Retired Numbers

On the right center field wall at the Riverside Sports Complex, there are four "retired" numbers that recognize individuals who have made remarkable contributions to the UCR Baseball program.

The honorees, in order of "retirement"

Image of Eric Show

Eric Show - #19

Show's number was retired in 1985, a year after he helped lead the San Diego Padres to a World Series appearance with a 15-9 mark. His Highlander career lasted from 1975 through 1978, when he was drafted by the Padres. He posted a team-high seven wins with seven complete games in 1975 and led the team in wins with five in 1978

In his major league career, Show was 101-89 with the San Diego Padres and Oakland Athletics.

Image of Jack Carrol

Jack Carroll - #1 Fan

Carroll never played a game for UCR, but he was honored posthumously in 1998 as UCR's Number 1 fan. A long time booster, Carroll was involved in baseball at a variety of levels. He was recognized for all that he had done for baseball in the Riverside community throughout his life.

The Highlanders still use the number 1, but Carroll will always be known as the team's number 1 fan.

Image of Troy Percival

Troy Percival - #40

Best known as an All-Star Closer for the Los Angeles Angels of Anaheim, the Detroit Tigers, St. Louis Cardinals and now the Tampa Bay Devil Rays, Percival's major league number 40 was retired in the 2003 season, just a few months after he closed out the then Anaheim Angels' first World Championship in club history. Percival never wore the number 40 for UCR, nor did he pitch for the Highlanders. At UCR, he wore 28 as a defensive minded catcher with a cannon for an arm. He did not become a pitcher until he was a minor leaguer in the Angels organization.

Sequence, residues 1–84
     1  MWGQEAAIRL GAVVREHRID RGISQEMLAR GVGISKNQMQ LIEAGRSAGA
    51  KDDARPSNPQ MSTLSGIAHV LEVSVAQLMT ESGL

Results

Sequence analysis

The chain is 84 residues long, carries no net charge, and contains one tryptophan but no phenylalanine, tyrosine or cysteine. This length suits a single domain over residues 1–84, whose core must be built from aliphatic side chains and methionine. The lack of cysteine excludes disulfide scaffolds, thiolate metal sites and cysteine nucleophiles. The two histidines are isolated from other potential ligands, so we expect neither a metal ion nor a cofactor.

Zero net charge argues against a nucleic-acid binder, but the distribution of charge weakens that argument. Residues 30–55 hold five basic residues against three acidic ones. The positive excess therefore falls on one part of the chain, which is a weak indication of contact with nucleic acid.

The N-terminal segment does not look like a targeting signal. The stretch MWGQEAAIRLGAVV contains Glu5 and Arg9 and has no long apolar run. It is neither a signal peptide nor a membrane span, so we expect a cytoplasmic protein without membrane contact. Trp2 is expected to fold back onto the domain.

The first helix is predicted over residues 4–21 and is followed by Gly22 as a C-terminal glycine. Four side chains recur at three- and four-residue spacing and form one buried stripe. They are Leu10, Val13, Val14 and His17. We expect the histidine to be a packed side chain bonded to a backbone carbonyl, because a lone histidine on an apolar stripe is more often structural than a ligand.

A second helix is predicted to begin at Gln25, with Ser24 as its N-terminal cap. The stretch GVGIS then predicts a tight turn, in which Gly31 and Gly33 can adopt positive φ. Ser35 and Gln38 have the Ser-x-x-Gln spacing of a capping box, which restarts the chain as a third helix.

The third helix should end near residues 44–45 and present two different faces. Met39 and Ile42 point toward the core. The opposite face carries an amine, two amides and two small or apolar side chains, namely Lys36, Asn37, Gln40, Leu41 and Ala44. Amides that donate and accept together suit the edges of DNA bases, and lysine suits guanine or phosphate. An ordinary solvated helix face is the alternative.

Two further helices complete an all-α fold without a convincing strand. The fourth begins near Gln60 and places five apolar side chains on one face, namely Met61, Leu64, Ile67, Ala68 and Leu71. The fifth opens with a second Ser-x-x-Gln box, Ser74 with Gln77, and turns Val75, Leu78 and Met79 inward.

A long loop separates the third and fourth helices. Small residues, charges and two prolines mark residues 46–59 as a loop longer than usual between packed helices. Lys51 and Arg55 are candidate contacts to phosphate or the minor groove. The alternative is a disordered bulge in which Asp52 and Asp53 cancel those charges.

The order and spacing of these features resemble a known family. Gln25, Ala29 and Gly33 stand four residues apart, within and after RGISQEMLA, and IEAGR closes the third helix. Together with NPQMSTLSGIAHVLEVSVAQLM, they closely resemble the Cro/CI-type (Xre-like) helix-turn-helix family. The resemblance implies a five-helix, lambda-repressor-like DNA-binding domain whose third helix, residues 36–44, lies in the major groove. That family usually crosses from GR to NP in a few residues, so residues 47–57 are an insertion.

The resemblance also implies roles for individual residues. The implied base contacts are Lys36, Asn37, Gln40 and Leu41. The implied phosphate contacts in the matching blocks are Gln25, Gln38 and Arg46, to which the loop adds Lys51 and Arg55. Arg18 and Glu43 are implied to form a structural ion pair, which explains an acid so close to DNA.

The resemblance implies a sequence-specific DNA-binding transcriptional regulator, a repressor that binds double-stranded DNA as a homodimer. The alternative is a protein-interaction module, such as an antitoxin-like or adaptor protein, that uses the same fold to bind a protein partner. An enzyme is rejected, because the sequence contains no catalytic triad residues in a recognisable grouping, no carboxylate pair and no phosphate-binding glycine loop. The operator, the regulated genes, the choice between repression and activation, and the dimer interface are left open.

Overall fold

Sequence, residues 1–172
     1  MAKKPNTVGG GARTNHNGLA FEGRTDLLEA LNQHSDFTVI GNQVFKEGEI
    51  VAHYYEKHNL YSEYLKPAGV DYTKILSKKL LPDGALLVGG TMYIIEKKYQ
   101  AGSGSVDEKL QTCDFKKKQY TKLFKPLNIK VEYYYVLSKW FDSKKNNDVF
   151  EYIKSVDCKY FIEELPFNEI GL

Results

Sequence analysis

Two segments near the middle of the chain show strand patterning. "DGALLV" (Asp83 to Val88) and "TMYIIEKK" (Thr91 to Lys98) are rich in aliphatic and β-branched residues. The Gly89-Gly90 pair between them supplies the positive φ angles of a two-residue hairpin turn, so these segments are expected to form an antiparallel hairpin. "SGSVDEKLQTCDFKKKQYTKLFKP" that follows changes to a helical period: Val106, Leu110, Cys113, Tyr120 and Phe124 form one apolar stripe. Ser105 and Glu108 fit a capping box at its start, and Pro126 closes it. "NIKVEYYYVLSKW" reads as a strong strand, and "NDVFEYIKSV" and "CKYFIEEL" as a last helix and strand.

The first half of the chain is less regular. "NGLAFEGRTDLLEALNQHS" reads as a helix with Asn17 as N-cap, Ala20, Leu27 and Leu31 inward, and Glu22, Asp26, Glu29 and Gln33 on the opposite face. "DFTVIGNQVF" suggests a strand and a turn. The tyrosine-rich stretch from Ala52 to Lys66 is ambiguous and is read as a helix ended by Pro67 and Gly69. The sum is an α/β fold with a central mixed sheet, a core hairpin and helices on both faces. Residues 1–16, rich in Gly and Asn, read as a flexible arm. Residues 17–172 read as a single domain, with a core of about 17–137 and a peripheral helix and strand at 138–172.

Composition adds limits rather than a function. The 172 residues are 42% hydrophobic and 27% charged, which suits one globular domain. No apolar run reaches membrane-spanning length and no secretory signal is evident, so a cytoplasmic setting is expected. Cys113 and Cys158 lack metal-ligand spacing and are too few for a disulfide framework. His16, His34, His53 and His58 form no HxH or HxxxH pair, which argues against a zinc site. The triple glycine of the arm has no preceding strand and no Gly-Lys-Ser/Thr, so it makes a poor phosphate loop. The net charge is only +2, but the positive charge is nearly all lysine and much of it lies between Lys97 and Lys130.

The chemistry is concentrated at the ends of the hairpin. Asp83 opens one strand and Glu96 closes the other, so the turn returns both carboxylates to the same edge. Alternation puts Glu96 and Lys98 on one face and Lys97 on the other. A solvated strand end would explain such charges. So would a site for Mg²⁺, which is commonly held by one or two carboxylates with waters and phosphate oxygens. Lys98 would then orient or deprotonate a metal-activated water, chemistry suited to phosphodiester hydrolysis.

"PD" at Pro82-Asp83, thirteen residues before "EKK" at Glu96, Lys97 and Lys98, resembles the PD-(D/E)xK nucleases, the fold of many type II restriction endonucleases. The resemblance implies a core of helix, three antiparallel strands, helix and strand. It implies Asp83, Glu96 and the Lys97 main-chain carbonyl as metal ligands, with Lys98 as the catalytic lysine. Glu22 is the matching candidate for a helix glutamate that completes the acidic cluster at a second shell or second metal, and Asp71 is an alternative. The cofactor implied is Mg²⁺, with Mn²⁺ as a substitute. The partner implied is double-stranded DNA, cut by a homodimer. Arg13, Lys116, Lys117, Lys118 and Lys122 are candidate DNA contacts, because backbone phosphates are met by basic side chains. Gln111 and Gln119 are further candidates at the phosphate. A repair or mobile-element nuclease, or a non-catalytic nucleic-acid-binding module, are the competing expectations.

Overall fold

Image of Jack Smitheran

Jack Smitheran - #2

The former Highlander head coach's number was retired prior to the alumni game in January 2006. In a collegiate coaching career spanning 35 years, Smitheran posted a record of 1,097-770-3, including a 974-709-3 mark in 31 years at UC Riverside and a 123-104 record in four years at the Division I level. In his tenure, he guided the evolution of the Highlander program from an unknown Division II school into a Division II NCAA champion and eventually into a Division I postseason qualifier.